Around New England

Don’t Release Town-by-Town Numbers of Coronavirus Cases, Massachusetts Department of Public Health Says

March 29, 2020

The Massachusetts Department of Public Health has asked cities and towns not to release the number of cases of coronavirus in their community, citing the privacy of patients.

A spokesman later clarified that it wasn’t an order, but some local public health officials thought it was, citing what they heard on a conference call last week, according to the Brockton Enterprise.

“We report publicly on county basis. Local boards of health know their positive cases,” said Marylou Sudders, secretary of the state Department of Public Health, during a press conference at the State House on Friday, March 27.

A reporter asked if a local board of selectmen, which is the highest board in most towns in Massachusetts, also have that information.

Sudders said no.

“Local boards of health because they’re really our extension, if you would, to do the contact tracing,” Sudders said.

Reporters pushed back, asking whether people ought to know at least the number of cases in their own town.

Sudders said patients’ privacy is jeopardized by the public getting too much information.

“So there is, this is where we try to balance public health and individual privacy, and to prevent people from being bullied. And there have been cases, particularly in the early part of the … pandemic, of individuals who have been outed on Facebook, or people assumed that someone had tested positive. And so that is the balance that we continue to try to strike. And I know this is not a complete answer for some people. But I will tell you: local boards of health know the individuals who test positive from their communities,” Sudders said.

One reporter asked if there might not be a danger from people thinking that their own community is safe if they don’t hear about the number of cases in their community.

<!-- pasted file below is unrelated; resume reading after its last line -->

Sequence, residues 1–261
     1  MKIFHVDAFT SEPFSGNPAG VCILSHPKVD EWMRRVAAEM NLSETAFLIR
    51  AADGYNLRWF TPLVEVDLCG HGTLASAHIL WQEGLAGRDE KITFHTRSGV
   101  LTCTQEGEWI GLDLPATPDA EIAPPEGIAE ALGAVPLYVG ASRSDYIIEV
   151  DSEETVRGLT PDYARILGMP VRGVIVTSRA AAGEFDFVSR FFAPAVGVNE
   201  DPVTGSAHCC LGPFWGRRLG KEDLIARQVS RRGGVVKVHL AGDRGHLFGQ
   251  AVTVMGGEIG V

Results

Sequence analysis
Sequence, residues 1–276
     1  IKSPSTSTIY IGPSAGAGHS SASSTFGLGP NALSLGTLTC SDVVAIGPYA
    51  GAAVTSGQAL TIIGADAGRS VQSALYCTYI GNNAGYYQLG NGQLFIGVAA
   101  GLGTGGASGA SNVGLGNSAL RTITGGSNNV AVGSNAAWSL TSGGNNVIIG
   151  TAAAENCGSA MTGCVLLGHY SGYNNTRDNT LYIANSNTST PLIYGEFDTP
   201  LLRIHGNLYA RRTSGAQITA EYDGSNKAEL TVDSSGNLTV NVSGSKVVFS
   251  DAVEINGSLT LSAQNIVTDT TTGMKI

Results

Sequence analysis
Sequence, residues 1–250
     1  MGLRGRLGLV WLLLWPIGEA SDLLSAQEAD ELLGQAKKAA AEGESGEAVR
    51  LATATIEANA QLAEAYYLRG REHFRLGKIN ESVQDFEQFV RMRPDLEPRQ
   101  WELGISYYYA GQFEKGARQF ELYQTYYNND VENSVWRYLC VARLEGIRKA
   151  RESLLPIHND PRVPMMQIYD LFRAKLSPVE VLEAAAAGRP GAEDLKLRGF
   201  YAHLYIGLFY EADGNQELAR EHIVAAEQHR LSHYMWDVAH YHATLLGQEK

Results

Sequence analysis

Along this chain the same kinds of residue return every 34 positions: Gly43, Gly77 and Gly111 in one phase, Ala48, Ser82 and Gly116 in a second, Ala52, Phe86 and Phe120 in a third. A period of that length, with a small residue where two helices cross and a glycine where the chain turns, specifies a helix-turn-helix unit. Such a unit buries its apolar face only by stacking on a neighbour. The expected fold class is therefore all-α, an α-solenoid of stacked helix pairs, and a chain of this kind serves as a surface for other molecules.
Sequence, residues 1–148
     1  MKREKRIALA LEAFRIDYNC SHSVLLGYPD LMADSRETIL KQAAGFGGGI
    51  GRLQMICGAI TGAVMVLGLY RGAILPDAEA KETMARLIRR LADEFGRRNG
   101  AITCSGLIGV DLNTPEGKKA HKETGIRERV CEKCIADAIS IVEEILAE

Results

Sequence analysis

Sudders said it should be clear from the countywide numbers the state is releasing each day that there is “community spread” of coronavirus across the state and among various age levels.

“I take the concern of communities thinking that they want to know. But, you know, if you share that kind of health information status about an individual, you also want to ensure that they are also safe and protected from bullying and the like and being spotted by someone,” Sudders said. “So, what I’m telling you is it t is a very constant conversation that we’re having. It’s one thing in Boston, but if you lived in a community of like several hundred people, you know, does that person want to be identified? There would be nothing to preclude a local board of health from saying, ‘We have 15 positive cases,’ in their community.”

The Brockton Enterprise reported on Saturday, March 28 that some local public health officials south of Boston had stopped giving local updates on the number of cases or coronavirus after hearing from state public health officials, but that others are continuing to release the numbers.

The Enterprise story reports that the state’s public health agency is also denying public access to information about an unrelated health matter:  a town-by-town breakdown from last year of cases of Eastern Equine Encephalitis, a mosquito-borne disease that can be fatal.

The Massachusetts Department of Public Health is citing the federal Health Insurance Portability and Accountability Act’s rule on patient privacy to justify the denial, though another state agency disagrees.

The Enterprise story states:

The state supervisor of records has questioned the department’s use of that standard, saying it is “uncertain how disclosing the names of towns would lead to the identification of the individuals affected” and The Enterprise continues to appeal the Department of Public Health’s multiple denials.




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